2. Be prone or disposed to, as in This child has always been subject to colds. [Late 1300s]
3. Be likely to incur or receive, as in This memo is subject to misinterpretation. [Late 1300s]
4. Depend on, be likely to be affected by, as in Our vacation plans are subject to the boss's whims. [Early 1800s]
See also: subject

change the ˈsubject

start to talk about something different, especially because what was being discussed was embarrassing or difficult to talk about: I don’t like talking about the war. Can’t we change the subject?
See also: change, subject

subject to

To cause someone to undergo or experience something: The commander subjected the troops to daily inspections. The oil platform was subjected to extreme weather.
See also: subject
References in periodicals archive ?
for cooperation, the experimental group recorded 7 subjects in the initial assessment and 15 subjects in the final assessment, with a difference of 8 subjects between the two, The control group recorded 8 subjects in the initial assessment and 11 subjects in the final assessment, with a difference of 3 subjects.
When staff at the bar refused to cash the check, the subject pushed an employee, grabbed her purse, and fled on foot.
Web Developments A wide variety of metadata schemes are being developed as more subject directories, Web portals, and digital libraries appear online.
Subjects perceived that principals encounter parent conflict issues most frequently, student conflict issues somewhat less frequently, and teacher conflict issues infrequently.
I combine these subject incongruities to express the flavor of a dance that gives Buenos Aires its identity.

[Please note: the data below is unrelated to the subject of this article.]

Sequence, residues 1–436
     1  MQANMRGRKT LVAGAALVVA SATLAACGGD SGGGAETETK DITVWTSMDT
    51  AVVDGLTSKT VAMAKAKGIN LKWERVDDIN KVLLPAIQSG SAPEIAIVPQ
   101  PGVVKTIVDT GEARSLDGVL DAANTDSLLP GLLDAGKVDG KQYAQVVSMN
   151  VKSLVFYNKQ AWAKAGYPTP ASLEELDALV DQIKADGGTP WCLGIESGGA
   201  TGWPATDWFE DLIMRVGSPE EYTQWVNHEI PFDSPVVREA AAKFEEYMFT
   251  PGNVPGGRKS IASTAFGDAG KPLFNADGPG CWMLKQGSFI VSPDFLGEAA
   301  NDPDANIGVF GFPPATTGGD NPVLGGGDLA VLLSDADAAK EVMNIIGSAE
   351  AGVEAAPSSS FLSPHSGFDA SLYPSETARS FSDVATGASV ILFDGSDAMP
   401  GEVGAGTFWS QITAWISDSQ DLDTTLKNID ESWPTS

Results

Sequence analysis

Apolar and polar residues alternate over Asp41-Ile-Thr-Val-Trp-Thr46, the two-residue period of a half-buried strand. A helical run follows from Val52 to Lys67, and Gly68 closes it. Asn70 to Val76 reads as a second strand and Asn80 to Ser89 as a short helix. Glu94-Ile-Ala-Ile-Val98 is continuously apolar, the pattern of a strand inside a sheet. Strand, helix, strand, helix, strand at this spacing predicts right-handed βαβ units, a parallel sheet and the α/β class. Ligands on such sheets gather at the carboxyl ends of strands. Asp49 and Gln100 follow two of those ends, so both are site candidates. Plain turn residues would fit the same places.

In conclusion, subjects in this study were allowed to recover until rectal temperatures returned to 0.
34 scale drawings of the football field on graph paper with room to record date about each test subject (see sample, above)
The teachers use a variety of software packages to teach in their subject areas (mean = 3.
Exploitation of human research subjects is more common now than in previous times, or else better exposed.
Subjects are not slaves or serfs, but brothers and not only each a brother of the King, but also considered as a body, they are and should be called Lords of the Realm.
In conclusion, measurements of the static visual vertical in healthy subjects are highly reproducible, and repeated measurements can serve as a useful tool in the follow-up of patients with acute vestibular neuritis.
This study investigates how exercise intensity affects subjects with CP.
James Cox, one of Smith's colleagues at the University of Arizona, has been running a variant of this experiment where subjects know that everything they put in the envelope will get tripled by the experimenter before it's sent to the other room.
It examines the responses of secondary school students concerning their favourite, and least favourite, subjects according to gender.
These subjects were matched with 44 uninfected controls based on smoking history and age.